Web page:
Dow Jones

NEW YORK  — The Dow crossed the 12,000 mark for the first time since June 2008 as U.S. stocks nudged higher Wednesday. Investors were parsing through the latest corporate results and awaiting the Federal Reserve’s latest pronouncement on the nation’s economy. The Dow Jones industrial average (INDU) rose 37 points, or 0.3%, hitting its highest […]

NEW YORK — The stock market has had one of its most turbulent days ever. The Dow Jones industrials plunged nearly 1,000 points in half an hour amid concerns that Greece’s debt problems could halt the world financial recovery.

Volatility kicked in again on Wall Street Tuesday, as the reality hit that few industries are safe from the consumer spending slump — whether they’re building homes, making cars or selling coffee. The Dow Jones industrial average fell more than 200 points.

Wall Street had another astounding advance Tuesday, with the Dow Jones industrials soaring nearly 900 points in their second-largest point gain ever as late-day bargain hunters stormed into the market. The Dow and the Standard & Poor’s 500 index were each up nearly 11 percent.

Wall Street tumbled again Wednesday as investors worried that the global economy is poised to weaken even as parts of the credit market slowly show signs of recovery. The major indexes fell more than 4 percent, including the Dow Jones industrial average, which fell 515 points.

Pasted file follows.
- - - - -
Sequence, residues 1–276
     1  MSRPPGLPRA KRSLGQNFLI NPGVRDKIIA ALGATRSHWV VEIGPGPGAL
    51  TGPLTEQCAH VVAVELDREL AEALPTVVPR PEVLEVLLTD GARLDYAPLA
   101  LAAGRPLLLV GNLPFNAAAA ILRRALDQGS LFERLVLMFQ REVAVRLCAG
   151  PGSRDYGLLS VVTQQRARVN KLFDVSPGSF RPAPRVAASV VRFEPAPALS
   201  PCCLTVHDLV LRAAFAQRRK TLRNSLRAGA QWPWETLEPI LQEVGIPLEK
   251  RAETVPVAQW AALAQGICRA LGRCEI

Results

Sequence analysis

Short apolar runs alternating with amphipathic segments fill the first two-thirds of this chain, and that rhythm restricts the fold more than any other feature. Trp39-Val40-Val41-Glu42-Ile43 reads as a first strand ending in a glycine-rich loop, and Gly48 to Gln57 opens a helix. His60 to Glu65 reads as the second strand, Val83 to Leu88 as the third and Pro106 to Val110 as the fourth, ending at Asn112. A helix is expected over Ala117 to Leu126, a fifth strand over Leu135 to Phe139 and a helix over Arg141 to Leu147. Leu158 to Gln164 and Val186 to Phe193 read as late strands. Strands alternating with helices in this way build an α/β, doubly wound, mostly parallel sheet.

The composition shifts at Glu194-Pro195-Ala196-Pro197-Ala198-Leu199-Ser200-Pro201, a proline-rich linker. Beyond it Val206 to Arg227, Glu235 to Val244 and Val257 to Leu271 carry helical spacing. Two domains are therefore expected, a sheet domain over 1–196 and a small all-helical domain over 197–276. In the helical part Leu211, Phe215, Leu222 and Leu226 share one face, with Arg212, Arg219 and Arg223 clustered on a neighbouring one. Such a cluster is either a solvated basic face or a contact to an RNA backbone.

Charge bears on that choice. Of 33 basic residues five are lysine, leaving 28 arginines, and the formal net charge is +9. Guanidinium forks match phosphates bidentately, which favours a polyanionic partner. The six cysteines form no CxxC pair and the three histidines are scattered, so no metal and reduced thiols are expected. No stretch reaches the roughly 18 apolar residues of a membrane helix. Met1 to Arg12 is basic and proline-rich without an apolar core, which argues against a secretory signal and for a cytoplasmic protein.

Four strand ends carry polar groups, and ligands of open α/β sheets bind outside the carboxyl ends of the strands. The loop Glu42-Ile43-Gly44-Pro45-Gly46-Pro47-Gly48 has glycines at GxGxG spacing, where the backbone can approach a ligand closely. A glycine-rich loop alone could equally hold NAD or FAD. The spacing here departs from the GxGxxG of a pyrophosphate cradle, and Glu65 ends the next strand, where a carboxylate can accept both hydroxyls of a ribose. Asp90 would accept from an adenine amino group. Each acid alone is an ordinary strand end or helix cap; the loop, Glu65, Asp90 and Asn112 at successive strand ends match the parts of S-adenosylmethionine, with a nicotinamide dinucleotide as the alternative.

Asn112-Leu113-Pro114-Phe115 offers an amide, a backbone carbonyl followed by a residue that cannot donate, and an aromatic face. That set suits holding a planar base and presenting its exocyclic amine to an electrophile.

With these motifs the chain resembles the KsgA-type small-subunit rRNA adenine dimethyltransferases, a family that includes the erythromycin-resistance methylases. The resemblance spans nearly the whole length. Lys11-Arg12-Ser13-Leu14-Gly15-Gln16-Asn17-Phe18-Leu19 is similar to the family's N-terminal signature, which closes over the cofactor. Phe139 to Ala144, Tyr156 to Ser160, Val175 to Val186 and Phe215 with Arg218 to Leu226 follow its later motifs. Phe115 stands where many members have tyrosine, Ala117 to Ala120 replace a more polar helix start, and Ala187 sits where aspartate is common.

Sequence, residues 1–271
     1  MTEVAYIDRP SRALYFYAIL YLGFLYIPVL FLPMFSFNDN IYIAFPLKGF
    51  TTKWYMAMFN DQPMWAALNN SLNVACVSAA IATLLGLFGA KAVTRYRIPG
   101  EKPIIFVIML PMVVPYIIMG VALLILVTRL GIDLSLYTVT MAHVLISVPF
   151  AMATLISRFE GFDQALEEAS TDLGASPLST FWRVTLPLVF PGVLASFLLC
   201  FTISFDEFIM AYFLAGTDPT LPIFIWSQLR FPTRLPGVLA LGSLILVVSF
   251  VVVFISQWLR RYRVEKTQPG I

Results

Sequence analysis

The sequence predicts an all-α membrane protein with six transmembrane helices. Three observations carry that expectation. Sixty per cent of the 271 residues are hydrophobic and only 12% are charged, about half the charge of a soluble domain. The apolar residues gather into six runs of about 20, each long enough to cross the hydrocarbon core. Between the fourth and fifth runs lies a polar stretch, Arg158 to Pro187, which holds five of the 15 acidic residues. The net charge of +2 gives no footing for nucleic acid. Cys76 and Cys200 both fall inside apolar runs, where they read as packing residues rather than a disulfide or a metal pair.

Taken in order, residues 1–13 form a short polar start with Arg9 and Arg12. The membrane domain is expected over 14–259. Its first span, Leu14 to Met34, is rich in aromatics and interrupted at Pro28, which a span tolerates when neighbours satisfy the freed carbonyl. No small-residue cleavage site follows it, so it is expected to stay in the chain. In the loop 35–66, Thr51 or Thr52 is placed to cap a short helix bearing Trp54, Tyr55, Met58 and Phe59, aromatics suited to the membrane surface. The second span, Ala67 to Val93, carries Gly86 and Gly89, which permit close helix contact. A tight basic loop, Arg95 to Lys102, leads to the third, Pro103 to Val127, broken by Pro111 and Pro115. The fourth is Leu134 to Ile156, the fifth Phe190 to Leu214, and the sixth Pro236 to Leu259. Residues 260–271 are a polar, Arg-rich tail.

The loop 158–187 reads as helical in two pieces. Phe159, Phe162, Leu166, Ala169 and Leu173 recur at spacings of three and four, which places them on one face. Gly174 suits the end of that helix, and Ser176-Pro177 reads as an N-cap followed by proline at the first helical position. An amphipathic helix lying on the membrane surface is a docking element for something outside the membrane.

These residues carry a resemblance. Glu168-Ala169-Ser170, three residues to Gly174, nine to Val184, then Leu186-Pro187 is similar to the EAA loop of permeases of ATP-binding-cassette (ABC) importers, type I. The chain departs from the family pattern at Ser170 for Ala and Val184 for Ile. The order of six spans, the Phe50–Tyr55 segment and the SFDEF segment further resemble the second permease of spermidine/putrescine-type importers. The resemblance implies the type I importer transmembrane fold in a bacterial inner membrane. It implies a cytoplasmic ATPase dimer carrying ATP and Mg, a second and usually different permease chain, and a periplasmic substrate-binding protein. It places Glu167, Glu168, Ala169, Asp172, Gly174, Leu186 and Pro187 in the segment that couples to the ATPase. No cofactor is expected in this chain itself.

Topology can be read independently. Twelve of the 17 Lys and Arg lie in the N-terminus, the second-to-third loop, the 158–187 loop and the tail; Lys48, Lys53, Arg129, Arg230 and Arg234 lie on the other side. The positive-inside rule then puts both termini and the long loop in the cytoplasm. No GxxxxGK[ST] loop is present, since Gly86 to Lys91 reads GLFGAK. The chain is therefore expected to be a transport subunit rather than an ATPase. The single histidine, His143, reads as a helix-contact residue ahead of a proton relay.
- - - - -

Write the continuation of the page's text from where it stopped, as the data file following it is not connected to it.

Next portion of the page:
A rising wave of optimism lifted Wall Street Monday, propelling the Dow Jones industrials up more than 400 points on more signs of a reviving credit market and support from Federal Reserve Chairman Ben Bernanke for further steps to aid the economy. All the major indexes finished with gains of 3 percent or more.

Wall Street remained tense Thursday, extending its huge slide as investors examined mixed economic and earnings data for clues about the economy. The Dow Jones industrials fell more than 170 points, and all the major indexes were seeing wide swings.

The Dow Jones industrial average is down more than 500 points at the 8,800 level. Wall Street tumbled again today after a disappointing retail sales report offered fresh evidence that an intractable freeze in the credit markets since last month has caused cracks in the economy well beyond the banking sector.

The Dow Jones industrial average jumped more than 300 points in early trading today on top of yesterday’s historic 936-point gain. Wall Street surged again today as investors reacted enthusiastically to the U.S. government’s plans to spend $250 billion to buy stock in private banks.

The Dow Jones industrial average rebounded more than 500 points today as Wall Street snapped back from last week’s devastating losses after major governments announced further steps to support the global banking system, including plans by the U.S. Treasury to buy stocks of some banks. All the major indexes rose well over 6 percent.

President Bush said Friday that the government’s financial rescue plan was aggressive enough and big enough to work, but would take time to fully kick in. “We can solve this crisis and we will,” he said in brief remarks from the White House Rose Garden.

Stocks plunged in the final hour of trading Thursday, sending the Dow Jones industrial average down more than 675 points, or more than 7 percent, to its lowest level in five years after a major credit ratings agency said it was considering cutting its rating on General Motors Corp.